this novel is full of moments of beauty and tender love, but still it does not shirk from describing the ugliness that each of us has within. some of the universal experiences these characters had have remained with me: the aching love of parent for child; the fear that love comes but once and is too easily lost; the errors in judgment that have unbearable repercussions; the challenge of guiding headstrong youth who must learn from experience; the confusion of wanting to know God and yet feeling angry at the pain it appears God has allowed to happen. i write this review with a lump in my throat and sleepy eyes, because it was very hard to close this book.

the edition i read was part of James Baldwin: Early Novels and Stories, a 1998 Library of America volume edited by Toni Morrison.

next up should be Sassafrass, Cypress, & Indigo by Ntozake Shange.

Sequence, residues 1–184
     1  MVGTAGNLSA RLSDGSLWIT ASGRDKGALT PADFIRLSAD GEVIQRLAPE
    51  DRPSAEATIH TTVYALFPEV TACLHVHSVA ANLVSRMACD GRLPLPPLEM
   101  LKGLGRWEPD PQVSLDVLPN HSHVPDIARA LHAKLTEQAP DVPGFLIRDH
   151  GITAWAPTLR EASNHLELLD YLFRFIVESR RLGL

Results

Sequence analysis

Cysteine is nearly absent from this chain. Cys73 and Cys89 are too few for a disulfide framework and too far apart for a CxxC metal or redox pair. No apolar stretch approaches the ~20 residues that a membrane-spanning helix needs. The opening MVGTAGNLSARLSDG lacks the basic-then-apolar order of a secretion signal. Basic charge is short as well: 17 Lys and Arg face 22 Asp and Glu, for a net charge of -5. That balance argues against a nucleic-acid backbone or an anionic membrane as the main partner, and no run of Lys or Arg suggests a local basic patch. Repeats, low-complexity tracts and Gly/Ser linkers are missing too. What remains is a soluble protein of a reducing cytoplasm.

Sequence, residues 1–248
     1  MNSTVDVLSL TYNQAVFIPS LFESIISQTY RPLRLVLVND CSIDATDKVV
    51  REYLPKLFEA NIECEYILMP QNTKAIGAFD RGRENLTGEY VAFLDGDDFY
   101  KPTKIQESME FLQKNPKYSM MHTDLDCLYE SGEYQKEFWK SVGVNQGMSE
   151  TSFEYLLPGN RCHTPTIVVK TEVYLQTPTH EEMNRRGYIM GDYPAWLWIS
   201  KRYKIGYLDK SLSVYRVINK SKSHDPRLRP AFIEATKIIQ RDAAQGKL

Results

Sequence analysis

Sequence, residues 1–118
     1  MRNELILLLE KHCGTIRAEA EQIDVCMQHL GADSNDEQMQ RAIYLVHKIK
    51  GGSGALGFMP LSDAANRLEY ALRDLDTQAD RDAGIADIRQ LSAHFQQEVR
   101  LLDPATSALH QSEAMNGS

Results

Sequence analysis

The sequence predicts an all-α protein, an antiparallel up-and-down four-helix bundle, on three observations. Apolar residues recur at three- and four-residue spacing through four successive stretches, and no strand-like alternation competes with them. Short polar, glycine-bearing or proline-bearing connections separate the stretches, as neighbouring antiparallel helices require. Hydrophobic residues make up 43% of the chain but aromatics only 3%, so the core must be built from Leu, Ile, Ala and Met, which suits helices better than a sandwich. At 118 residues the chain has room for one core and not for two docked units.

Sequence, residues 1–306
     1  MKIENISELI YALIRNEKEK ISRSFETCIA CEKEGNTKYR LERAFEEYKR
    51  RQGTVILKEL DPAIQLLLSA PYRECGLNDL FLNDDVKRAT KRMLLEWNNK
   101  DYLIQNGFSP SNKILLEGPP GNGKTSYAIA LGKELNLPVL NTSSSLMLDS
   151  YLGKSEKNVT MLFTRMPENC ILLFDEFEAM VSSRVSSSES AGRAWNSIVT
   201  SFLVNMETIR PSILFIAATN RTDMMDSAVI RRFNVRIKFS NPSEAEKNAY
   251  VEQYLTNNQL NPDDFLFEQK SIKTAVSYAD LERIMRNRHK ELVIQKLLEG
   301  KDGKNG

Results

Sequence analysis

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I’ve gotten hooked on book blogs, and my reading list is growing longer and longer. Though it is a virtual community, book blogs can be a great space to connect with others who are passionate about reading. In this spirit, I have decided to join in a couple of the many reading challenges I have seen posted. The first is the African diaspora book challenge, which I read about at BrownGirl Speaks. This is a motivator to read books that have been in the back of my mind for a long while, and also, hopefully, to bring some attention to excellent literature. I’m signing on for the versed level, but hoping to make scholar. There are, happily, at least a half dozen on the list which I have already read (e.g. Zadie Smith, Edwidge Danticat, Zora Neale Hurston—who rocks, Alice Walker’s The Color Purple, perhaps due for a re-read). I may start with Sugar by Bernice McFadden, or Go Tell it on the Mountain by James Baldwin. Reviews soon to come. Please join the challenge. I welcome suggestions of favorite books by writers of the African diaspora.